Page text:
The cleaver design of Patrick Thomas

Images via nellyduff

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Paintings by Alberto Mielgo

The video shows the process and below we can see the finished artwork.

Posted by Gus Bozzetti

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If it is raining outside let’s put some astonishing and colorful paintings here by the Spanish artist Yago Hortal to cheer up our soul! Have a nice week! ;)

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Today is a special day! We have so far published 200 posts. Every day, except the weekends (because it’s not an obligation, it’s a pleasure) there is a special artwork to be seen here!

Thanks to Fernanda Marth, who every single Friday collaborates with this blog and to Pedro Perurena, who occasionally, but not less important, contributes here too. Thanks to all the subscribers, the artists and galleries that send me by email their news and suggestions, the twitter followers and to you that come here to check out the daily post because you like art as much as me! ;)

So to celebrate the day, I choose Joan Miró’s work. I’ve been at Tate Modern a few weeks ago and I was absolutely amazed by the huge and well -done exhibition. It’s the first major retrospective called The Ladder of Scape at Tate for nearly 50 years. Miró had completely changed his style along the years and you will see here a chronological order of some of his important paintings and the ones that I like most.  Enjoy ;D Luana

“I understand the artist to be someone who, amidst the silence of others, use his voice to say something, and who has the obligation that this thing not be useless but something that offers a service to man. For the fact of  being able to say something, when the majority of people do not have the option of expressing themselves, obliges this voice in some way to be prophetic. To be, in a certain sense, the voice of its community…For when an artist speaks in an environment in which freedom is difficult, he must turn each of his works into a negation of the negations, in an untying of all oppressions, all prejudices, and all the false established values.” Joan Miró, 1979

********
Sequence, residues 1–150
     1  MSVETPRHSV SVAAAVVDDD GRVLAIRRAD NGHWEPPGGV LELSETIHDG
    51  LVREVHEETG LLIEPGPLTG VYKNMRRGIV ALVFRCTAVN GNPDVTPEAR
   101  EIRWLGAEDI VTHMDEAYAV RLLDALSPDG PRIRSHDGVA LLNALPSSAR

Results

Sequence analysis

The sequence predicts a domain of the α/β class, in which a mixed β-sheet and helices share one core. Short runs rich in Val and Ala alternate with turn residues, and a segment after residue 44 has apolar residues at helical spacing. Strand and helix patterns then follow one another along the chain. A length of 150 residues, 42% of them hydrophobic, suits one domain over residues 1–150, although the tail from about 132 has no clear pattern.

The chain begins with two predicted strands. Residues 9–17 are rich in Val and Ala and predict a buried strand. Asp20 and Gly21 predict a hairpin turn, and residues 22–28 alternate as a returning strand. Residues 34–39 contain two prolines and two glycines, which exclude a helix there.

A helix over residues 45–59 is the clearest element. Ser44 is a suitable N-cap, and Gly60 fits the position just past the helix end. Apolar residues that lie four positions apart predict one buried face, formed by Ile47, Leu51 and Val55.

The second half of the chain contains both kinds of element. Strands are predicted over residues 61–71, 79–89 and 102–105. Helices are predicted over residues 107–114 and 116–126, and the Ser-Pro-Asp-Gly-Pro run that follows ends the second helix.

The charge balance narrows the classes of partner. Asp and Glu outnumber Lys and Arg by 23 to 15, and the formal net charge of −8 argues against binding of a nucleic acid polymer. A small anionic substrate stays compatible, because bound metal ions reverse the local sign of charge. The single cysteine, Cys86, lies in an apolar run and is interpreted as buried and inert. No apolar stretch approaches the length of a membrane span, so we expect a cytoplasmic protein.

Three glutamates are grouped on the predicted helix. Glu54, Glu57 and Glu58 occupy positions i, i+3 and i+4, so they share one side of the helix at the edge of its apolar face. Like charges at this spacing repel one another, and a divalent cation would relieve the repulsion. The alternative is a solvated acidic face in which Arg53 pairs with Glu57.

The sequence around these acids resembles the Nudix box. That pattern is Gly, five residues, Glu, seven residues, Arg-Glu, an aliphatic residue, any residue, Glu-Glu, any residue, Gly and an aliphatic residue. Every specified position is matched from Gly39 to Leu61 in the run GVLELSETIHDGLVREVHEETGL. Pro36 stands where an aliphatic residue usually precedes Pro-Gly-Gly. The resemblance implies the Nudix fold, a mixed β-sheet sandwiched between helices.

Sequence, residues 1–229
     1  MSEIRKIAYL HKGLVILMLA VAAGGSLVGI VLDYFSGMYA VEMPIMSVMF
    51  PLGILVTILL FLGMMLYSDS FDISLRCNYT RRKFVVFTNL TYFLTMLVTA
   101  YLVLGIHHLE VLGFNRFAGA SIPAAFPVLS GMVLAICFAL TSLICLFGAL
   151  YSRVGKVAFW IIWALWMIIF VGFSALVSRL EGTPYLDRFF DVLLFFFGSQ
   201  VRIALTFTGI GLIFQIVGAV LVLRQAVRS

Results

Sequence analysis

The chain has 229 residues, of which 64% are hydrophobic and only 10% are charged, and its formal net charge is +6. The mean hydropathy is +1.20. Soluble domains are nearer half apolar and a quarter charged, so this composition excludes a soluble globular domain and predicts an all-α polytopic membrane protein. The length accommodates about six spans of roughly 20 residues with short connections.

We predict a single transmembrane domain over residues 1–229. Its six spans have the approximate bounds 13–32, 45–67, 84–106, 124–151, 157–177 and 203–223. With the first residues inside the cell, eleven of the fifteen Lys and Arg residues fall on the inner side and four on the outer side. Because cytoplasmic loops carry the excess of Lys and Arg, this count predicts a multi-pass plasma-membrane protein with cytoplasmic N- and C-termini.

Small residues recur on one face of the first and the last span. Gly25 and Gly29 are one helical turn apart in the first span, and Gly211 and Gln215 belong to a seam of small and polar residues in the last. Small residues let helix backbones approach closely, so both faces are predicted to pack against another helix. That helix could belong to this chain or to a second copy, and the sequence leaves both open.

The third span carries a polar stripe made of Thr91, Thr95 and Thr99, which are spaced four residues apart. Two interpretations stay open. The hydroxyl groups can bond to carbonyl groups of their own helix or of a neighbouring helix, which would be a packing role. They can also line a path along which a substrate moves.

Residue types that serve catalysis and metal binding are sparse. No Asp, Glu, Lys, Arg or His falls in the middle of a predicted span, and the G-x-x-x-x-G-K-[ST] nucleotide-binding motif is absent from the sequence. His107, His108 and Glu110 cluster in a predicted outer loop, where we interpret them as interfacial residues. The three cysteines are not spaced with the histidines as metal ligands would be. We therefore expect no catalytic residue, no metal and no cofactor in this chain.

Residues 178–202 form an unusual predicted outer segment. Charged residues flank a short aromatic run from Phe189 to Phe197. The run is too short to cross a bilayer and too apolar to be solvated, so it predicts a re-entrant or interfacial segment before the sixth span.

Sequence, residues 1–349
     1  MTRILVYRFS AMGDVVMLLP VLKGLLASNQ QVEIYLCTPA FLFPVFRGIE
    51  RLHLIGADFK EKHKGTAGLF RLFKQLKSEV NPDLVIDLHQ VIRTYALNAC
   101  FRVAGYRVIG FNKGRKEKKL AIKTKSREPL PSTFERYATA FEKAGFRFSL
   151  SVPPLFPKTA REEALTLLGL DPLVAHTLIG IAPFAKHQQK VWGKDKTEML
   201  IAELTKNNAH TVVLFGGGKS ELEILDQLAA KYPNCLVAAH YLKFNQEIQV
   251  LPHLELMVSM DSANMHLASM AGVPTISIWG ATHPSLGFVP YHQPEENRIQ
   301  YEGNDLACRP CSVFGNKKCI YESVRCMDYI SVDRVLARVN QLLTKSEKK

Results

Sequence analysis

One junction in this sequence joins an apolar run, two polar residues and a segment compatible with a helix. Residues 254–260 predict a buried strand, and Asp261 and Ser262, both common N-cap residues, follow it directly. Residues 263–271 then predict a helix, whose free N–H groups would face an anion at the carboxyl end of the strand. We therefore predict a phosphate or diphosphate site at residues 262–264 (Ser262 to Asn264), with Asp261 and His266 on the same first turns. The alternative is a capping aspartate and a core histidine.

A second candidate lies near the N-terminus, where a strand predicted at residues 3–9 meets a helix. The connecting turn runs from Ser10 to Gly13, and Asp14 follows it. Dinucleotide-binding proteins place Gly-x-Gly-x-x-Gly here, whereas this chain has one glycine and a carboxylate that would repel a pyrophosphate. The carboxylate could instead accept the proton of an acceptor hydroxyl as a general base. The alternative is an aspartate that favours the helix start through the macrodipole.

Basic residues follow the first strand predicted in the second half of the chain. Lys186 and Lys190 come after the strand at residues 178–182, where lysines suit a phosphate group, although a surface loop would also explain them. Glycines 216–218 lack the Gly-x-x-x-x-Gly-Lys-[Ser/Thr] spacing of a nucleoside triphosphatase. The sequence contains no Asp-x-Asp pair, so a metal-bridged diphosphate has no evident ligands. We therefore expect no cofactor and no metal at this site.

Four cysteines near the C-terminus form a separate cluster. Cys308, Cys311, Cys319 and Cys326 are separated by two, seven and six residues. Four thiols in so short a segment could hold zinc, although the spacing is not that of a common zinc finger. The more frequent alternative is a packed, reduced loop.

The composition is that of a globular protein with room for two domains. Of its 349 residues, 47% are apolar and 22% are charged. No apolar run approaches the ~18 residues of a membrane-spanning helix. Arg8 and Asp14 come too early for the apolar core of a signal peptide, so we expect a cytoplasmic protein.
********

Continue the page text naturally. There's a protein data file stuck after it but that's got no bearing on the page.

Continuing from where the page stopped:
The Rut, 1918

The Farm, 1921

Catalan Landscape (The Hunter), 1923

Harlequin’s Carnival, 1924

Catalan Peasant with a guitar, 1924

Head of a Catalan Peasant (Tête de Paysan Catalan), 1925

Dog Barking at the moon, 1926

Painting, 1927

Painting (Head), 1927

Still Life with Lamp, 1928

The two philosophers, 1936

Head, 1937

Still Life with Old Shoe, 1937

Portrait IV, 1938

The passage of the divine bird, 1941

Women encircled by the flight, 1941

Blue III, 1961

Burnt Canvas I, 1973

The Hope of a Condemned Man I, 1974

Fireworks I, 1974

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Mogollon is an art collective founded by the duo artists Francisco Lopez and Monica Brand. The name also means ‘Plenty or Abundance’ in Spanish language.

They are presenting this show at Diesel Art Gallery in Tokyo, Japan until August 14th 2011.

I love when brands support creative stuff. ;D

via yatzer

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Content is Queen: a generative video painting by Sergio Albiac

This video art reflects on the foundations of democracy against the resilient nature of structures of power. There is double sense here since he talks about the Queen avoiding the conventional painting technique by using an innovative method.

In this project, he paints through fragments of videos at different sizes on a digital canvas.

Via sergioalbiac.com

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“I like to see objects as living organisms, imagining them coming alive and being able to surprise you with their behaviour. I want to create objects with my hands, then I can give them my personality. I turn them into communicative objects that can arouse one’s sensations and imagination. In short, what I want to create are objects with a fictional or fantasy element, that allow you to escape everyday life.” –Nacho Carbonell

Skin Collection

Pump it Up

Via nachocarbonell.com

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New way of making street art in Spain by La Pluma Eléctri*k



Bestué/ Vives. Live and work in Barcelona is a performance by David Bestué and Marc Vives from Spain. That is an interesting video and according to the authors there is a particular visual language, as much based on Dadaist or even Situationist strategies as it is on theatrical practise and early film productions. It is also a poetic obsession with detail.

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